It’s Father’s Day and I am hugely grateful for my Dad, who has been a massive encouragement to me over my life, especially growing up. His attitude (and my Mum’s too, just to be clear) towards us was always that we should pursue our dreams, be the best we could be and trust that God had a plan for our lives.

My Dad is also the person I get a lot of my gutsiness from.
As a kid he would catch us as we leaped from climbing frames, spot us as we walked along the wooden perameters of the local park, chanting “it’s easy, it’s easy” to ourselves, whilst he did the same and reminded us to keep “chin over chest, chest over knee” for balance. That alongside the sage advice that if we started to wobble, we should bend our knees to regain our balance.

Dad was the one who taught me that the silly and sinister ghost stories I heard in the playground, and which scared me as I tried to sleep, were actually just silly when you really thought about them.
The one who explained that the rattle snakes in True Grit were not real, followed by some rattle snake facts about how to tackle them; who endlessly quoted that “fear is only what you don’t know”; who at age six, first took me rock climbing and taught me to trust the rope by trialling a fall; at age 8 taught me chemistry and helped me make blue copper sulphate crystals in the kitchen with his old chemistry set- boy did I feel clever, and who made up silly songs and wrote me poems, something that I also love to do.

Dad taught me judo in the kitchen, football in the garden, gymnastics over the shed threshold, and when I was being bullied, practiced karate punches and blocks with me. His technical approach to movement always ready to help me work out something new.

We climbed trees, wrestled in and out of water, we went for long walks, had long talks about life God and the universe, discussed politics in depth, despite my young age, and marvelled at sunsets together, always pointing out his wonder at God’s artistry.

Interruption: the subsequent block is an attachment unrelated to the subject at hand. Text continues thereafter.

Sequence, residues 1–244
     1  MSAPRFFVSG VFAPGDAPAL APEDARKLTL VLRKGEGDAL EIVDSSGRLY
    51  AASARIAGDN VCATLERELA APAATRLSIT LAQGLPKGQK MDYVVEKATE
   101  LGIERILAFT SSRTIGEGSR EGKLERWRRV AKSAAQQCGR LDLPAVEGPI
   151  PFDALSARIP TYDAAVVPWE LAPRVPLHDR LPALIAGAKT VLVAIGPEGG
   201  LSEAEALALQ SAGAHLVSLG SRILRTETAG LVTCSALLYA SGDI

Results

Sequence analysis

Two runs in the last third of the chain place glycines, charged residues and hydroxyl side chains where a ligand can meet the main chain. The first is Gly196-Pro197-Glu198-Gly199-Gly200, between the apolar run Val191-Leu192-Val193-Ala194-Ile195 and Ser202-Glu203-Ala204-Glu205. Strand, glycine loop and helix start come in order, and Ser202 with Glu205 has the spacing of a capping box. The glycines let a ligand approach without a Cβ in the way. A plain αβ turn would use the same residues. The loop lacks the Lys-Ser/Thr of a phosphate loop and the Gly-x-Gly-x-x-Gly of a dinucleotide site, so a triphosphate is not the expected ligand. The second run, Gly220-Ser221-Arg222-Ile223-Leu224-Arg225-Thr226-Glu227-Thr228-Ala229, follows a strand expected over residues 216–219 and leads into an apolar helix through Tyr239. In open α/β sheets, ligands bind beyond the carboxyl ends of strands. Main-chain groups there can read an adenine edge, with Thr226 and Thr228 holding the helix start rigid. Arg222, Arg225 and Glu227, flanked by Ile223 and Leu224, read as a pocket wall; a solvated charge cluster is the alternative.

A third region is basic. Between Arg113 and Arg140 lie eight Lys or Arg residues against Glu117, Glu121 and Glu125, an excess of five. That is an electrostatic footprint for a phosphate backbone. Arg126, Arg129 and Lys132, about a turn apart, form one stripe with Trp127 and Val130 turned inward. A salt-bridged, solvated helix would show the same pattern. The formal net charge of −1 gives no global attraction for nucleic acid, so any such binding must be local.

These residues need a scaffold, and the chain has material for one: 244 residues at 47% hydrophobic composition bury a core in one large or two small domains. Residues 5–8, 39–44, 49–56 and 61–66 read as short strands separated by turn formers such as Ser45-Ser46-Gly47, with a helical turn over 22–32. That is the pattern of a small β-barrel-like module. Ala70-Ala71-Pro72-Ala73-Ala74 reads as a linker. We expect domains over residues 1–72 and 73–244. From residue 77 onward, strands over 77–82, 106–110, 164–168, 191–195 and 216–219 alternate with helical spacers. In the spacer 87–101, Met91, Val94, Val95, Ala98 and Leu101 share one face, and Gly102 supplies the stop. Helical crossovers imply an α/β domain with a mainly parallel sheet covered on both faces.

He inspired my love of fine art, and fed me the belief that I can achieve anything and that it is always worth trying and committing to something.

He enjoyed us as kids and promoted the family, working hard alongside mum to help my siblings and I build lasting and warm relationships with each other- something we still enjoy.

He was my biggest fan, told me before every performance to “knock ’em dead!”. His approval meant the world to us and his courage to ask our forgiveness when he realised that he’d got stuff wrong, made our fights disappear as relationship was restored.

And when I decided that I had prayed and felt called to be an actress, he never once suggested that I should play it safe, get a trade behind me and wait and see, but encouraged me to shoot for the moon with God in my sights. I have never been in any doubt that he is proud of me, he has told me often and told everyone else who would listen.

Sure he had and still has his flaws.
But he was my first hero, my first example of fatherhood, my first impression of what God’s fatherhood is like, and he has done remarkably well.

Despite being his firstborn, where no man could ever be good enough for me, he learnt to let me go to another, my most wonderful and Godly husband, now also a wonderful father, and he welcomed him into our family as another son.
He is an encourager of me, an encourager of my husband and of our marriage, and he is very much enjoying being a granddad who encourages his daughter-now-mother in her own motherhood.

His love of Jesus and desire to follow him wholeheartedly, frequently in the face of trials and persecution (again just like my mum) has played a huge part in grounding me in my faith, and I am grateful for this above all.

I realise that I am hugely blessed, that not everyone is as lucky as I am to have a dad who cared so deeply, or who praised and encouraged his children so generously and unashamedly, and who was so free in demonstrating his affection, but I also know that there are many, many who do.

I am so grateful for my Dad.
I am also grateful that when his time eventually comes to go home, I will still have an eternal father to love me, who never gets it wrong.

So thank you God for my dad.
Thank you for my wonderful husband who is the most amazing father, and will build his own legacy as he parents our children.
And I ask for blessings on Dad’s everywhere, that they may become more like you with every day of fatherhood. Because this is where the legacy of a dad is – in his children.

‘Behold, children are a heritage from the Lord, The fruit of the womb is a reward.
Like arrows in the hand of a warrior, so are the children of one’s youth.
Happy is the man who has his quiver full of them; They shall not be ashamed, But shall speak with their enemies in the gate.’

Psalm 127:3-5